Responding to an Urgent Question
on Free Schools (Funding) this afternoon, Secretary of State Michael Gove deflected criticism of the free schools programme by blaming the Labour government. It was their fault for failing to address the shortfall in primary school places.
But the last Government did address the problem. It allocated £400m a year to shortage hotspots
from 2007/8 to 2010/11.
Although 87% of free school primary places addressed the need for extra places, only 19% of secondary free schools did so. Some, like Beccles Free School and Route 39, have been set up where there’s already a surplus.
Nevertheless, Gove hailed the free schools policy a success. He evaded the question about whether the Basic Needs Allocation fund had been raided to pay for free schools by, again, blaming Labour. It had told local authorities (LAs) to cut primary places, Gove said.
But until 2007/8 the problem had been an oversupply of primary places and LAs, as Gove should know if he’s up to speed with LA statutory responsibilities, are legally responsible for managing school place supply. It wasn’t a case of Labour telling LAs to cut places – it was LAs doing what the law says they must.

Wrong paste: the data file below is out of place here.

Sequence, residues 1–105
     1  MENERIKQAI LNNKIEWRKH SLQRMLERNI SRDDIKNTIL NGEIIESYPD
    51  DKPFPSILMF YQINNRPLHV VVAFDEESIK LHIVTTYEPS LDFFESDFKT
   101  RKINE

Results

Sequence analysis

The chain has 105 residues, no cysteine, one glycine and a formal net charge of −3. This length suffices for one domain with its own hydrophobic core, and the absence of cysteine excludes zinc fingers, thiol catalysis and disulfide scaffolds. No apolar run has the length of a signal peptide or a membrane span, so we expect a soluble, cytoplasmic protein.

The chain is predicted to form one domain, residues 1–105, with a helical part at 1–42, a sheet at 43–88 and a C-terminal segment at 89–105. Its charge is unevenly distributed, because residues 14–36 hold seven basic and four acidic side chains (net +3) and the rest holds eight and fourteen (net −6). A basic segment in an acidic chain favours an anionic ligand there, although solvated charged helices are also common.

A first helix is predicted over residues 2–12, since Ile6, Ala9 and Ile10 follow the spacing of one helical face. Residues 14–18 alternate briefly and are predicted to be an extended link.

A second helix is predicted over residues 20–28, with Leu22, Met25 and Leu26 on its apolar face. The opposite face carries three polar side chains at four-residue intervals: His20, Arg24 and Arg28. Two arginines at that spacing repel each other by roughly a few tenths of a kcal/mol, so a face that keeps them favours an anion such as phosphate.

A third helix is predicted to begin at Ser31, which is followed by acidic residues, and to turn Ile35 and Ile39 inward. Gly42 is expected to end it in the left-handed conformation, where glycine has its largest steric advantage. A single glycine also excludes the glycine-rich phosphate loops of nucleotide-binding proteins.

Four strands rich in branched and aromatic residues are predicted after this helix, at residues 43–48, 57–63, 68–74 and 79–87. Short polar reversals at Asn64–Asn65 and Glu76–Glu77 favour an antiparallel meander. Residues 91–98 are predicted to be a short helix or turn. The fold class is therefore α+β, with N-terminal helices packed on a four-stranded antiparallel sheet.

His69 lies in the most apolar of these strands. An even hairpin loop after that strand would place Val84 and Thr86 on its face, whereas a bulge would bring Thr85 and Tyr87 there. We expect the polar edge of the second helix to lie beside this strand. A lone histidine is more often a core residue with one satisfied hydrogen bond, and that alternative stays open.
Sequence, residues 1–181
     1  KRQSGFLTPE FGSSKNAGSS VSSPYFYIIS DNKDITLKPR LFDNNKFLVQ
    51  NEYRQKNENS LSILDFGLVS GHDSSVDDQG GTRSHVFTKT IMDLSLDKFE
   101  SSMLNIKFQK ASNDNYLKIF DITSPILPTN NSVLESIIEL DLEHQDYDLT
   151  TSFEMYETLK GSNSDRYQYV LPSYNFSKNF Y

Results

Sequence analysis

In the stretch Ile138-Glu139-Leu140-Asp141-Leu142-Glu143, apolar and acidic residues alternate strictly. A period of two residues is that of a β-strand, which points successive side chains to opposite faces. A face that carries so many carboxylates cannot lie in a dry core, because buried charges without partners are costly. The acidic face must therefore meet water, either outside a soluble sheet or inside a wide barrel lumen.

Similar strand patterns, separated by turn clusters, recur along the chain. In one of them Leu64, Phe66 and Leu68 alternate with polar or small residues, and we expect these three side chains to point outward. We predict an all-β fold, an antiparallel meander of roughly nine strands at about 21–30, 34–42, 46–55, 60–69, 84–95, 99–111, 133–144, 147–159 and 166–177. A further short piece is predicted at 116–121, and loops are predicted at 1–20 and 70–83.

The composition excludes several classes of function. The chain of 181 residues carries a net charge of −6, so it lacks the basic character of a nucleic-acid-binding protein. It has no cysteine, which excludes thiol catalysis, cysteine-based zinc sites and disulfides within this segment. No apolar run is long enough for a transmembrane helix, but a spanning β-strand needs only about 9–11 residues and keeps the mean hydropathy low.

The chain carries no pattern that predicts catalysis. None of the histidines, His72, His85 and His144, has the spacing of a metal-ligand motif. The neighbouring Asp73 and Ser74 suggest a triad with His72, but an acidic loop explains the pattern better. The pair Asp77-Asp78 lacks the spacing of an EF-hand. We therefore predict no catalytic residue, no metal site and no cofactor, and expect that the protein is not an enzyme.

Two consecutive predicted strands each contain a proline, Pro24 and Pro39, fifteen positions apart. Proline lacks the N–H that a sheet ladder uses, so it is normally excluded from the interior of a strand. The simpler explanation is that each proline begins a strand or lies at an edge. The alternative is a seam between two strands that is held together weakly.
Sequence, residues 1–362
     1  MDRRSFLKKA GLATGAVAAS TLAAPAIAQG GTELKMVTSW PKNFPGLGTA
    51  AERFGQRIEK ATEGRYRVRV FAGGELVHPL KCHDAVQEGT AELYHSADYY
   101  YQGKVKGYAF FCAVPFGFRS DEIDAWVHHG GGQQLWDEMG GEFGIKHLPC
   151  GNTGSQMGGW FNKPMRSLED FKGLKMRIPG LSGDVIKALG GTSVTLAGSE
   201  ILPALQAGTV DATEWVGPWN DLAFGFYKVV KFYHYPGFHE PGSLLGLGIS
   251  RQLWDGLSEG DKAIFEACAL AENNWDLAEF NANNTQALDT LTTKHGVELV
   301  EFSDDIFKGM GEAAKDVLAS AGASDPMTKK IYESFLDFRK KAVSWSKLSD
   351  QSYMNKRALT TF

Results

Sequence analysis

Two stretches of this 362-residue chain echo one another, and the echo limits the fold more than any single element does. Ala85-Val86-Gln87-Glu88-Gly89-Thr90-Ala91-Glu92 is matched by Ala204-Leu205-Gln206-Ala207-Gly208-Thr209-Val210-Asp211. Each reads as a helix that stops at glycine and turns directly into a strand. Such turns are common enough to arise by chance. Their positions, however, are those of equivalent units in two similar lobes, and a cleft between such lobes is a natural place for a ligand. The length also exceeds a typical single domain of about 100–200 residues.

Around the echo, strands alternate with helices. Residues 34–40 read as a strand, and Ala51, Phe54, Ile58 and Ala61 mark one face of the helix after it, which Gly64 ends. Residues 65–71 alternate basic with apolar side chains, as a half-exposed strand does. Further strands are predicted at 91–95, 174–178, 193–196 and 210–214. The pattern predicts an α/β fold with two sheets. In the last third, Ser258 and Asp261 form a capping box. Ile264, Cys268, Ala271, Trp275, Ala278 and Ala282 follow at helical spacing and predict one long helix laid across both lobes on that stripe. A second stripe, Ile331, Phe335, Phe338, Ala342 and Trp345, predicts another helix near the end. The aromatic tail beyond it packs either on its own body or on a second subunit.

Gove used the recent Public Accounts Committee
(PAC) report to eulogise the free schools programme. He highlighted one of the report’s few positive comments – the DfE had opened schools quickly. However, he ignored the PAC’s concerns which included:
1Secondary free schools were opened where they weren’t needed;
2Programme costs (DfE estimate £1.1b by March 2014) were escalating;
3Auditing and monitoring of free school governance were ineffective;
4Areas with severe shortages were attracting no free school proposals.
Free schools were oversubscribed, said Gove. But oversubscription figures don’t necessarily reflect a school’s popularity
when every mention on parents’ application forms, whether first or last, is counted.
And then, the most contrived evasion technique so far, Gove - with a slight pause indicating he was about to make a joke - said the shadow education secretary, Tristram Hunt had more contorted positions on free schools than in “Indian sex manuals I could name”.
Schools minister Liz Truss, sitting on Gove’s right, chuckled. The expression on the face of the MP on Gove’s left was deadpan (he actually looked as if he wasn’t listening). Hunt, arms folded, looked bewildered.
And by the time I’d stopped watching the debate, it still wasn’t clear whether free schools had benefitted from money diverted from Basic Needs. Perhaps the full account in Hansard will bring enlightenment.
CORRECTION 13 May 2014. The original headline read "Urgent Parliamentary question deflected by blaming, claiming and comparing: Hunt’s positions are like those in Indian sex manual, says Gove." This has been changed to make it clear Michael Gove was referring to more than one.